Tuesday, May 08, 2007

King Herod's Tomb Discovered

The Tomb of King Herod has been discovered in Herodium, Israel.

From the Detroit Free Press:
An Israeli archaeologist on Tuesday said he has found the tomb of King Herod, the legendary builder of ancient Jerusalem and the Holy Land.

Hebrew University archaeologist Ehud Netzer said the tomb was found at Herodium, a flattened hilltop in the Judean Desert where Herod built a palace compound. Netzer has been working at the site since the 1970s.

Netzer said the tomb was discovered when a team of researchers found pieces of a limestone sarcophagus believed to belong to the ancient king. Although there were no bones in the container, he said the sarcophagus’ location and ornate appearance indicated it is Herod’s.

“It’s a sarcophagus we don’t just see anywhere,” Netzer said at a news conference. “It is something very special.”

. . .

Herod became the ruler of the Holy Land under the Romans around 40 B.C. The wall he built around the Old City of Jerusalem during the time of the Jewish Second Temple is the one that can be seen today. He also undertook massive construction projects in Caesaria, Jericho, the hilltop fortress of Massada and other locations.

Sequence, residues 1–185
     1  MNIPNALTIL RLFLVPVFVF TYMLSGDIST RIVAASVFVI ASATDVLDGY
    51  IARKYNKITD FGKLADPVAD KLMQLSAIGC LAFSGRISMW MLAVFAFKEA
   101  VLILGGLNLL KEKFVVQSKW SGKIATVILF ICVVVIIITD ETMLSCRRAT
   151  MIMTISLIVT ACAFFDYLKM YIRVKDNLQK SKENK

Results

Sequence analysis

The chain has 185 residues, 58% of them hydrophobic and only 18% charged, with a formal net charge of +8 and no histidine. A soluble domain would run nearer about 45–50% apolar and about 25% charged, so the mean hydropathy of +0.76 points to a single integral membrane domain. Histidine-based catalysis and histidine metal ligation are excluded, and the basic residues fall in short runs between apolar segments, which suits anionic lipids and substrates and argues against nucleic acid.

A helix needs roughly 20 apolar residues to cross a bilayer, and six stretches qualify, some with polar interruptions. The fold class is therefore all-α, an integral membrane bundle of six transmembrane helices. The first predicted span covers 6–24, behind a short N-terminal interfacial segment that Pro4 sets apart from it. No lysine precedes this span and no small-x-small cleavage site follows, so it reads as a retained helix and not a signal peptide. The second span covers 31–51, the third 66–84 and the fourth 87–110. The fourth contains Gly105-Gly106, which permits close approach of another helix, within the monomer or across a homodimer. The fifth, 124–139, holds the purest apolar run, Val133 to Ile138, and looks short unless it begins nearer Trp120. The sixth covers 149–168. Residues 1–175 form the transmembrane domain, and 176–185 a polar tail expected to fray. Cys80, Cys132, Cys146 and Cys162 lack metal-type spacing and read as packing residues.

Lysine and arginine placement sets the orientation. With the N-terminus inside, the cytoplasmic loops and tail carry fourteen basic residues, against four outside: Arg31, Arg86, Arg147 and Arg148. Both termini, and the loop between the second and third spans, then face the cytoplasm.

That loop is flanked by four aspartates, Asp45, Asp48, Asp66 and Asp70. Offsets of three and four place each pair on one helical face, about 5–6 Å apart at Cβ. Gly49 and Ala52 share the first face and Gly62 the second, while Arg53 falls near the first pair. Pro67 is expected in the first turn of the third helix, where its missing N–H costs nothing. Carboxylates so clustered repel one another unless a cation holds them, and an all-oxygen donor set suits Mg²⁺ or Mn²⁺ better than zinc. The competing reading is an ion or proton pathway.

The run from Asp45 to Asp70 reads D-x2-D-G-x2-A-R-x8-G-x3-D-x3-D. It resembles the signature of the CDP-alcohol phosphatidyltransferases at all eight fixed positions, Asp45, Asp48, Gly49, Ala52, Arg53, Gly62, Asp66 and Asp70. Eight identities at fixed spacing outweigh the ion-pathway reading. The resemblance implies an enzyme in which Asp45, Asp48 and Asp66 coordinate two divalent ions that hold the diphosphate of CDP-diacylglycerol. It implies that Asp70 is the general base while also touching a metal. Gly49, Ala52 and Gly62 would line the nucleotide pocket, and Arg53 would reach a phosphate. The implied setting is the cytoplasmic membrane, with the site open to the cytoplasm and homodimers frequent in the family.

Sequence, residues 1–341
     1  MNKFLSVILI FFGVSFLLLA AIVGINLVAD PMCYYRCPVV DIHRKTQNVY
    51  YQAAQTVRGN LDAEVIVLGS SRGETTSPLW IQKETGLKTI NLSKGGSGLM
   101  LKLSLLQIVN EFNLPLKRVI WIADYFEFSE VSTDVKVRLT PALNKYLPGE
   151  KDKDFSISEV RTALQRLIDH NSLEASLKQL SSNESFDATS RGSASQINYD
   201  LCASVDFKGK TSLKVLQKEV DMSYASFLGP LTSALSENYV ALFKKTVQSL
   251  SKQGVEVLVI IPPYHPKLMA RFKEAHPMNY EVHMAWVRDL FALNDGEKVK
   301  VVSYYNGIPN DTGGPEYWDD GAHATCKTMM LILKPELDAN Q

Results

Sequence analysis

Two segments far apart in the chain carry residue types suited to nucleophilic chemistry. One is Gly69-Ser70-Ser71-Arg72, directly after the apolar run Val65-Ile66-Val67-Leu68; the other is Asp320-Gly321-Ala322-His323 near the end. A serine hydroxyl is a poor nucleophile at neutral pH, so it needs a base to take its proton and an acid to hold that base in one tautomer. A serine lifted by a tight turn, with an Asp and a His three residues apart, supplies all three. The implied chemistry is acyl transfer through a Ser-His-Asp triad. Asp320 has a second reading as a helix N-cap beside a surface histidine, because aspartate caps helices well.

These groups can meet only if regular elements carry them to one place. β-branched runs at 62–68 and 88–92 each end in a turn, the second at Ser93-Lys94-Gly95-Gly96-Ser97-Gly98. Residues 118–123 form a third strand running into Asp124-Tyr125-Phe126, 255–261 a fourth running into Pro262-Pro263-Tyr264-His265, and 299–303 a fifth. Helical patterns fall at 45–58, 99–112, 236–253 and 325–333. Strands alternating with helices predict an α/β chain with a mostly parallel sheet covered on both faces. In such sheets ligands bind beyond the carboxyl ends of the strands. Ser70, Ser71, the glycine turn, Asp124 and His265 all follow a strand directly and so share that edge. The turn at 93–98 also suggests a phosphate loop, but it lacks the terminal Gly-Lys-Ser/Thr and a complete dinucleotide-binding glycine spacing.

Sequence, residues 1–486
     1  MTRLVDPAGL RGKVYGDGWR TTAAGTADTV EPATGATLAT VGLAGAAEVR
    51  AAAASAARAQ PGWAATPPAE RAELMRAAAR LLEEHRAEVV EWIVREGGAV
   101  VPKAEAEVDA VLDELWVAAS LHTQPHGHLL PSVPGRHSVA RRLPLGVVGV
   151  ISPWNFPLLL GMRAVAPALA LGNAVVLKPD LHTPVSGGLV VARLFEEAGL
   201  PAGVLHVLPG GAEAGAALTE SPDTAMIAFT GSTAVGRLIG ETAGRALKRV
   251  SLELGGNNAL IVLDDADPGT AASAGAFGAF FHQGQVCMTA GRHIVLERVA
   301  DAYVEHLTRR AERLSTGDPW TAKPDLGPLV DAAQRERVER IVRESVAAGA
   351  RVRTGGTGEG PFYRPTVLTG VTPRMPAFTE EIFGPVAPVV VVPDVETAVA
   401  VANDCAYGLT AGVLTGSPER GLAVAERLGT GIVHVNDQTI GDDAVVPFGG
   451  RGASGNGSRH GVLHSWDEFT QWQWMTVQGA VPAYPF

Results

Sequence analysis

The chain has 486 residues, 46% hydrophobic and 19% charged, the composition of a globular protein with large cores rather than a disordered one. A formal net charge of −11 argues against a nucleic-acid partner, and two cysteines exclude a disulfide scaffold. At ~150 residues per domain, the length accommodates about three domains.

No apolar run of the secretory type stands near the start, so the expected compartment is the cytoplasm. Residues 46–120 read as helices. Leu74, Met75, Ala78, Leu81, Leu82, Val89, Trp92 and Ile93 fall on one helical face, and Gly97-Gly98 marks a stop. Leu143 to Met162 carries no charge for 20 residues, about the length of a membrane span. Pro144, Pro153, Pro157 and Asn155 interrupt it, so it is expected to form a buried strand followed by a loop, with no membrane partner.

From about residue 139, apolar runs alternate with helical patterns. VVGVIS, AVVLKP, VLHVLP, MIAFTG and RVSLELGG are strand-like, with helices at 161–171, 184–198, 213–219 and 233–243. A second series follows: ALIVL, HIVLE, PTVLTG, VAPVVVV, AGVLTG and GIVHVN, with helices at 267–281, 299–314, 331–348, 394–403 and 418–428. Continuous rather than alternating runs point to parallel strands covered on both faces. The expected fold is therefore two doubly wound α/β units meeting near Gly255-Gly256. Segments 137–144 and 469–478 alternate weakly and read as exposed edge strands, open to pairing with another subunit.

It has long been assumed that Herod was buried at Herodium, but decades of excavations failed to turn up the site until now. The First-Century historian Josephus Flavius described the tomb and Herod’s funeral procession.

A very impressive example of persistence, given that Netzer has been working on the site since the 1970s. Persistence and determination can ceetainly pay off in the long run.

This is a very important and exciting historical find indeed. Hopefully, more detailed reports of the find and related excavations will be published and made available. It will be interesting to learn what coins were found in situ with the tomb.

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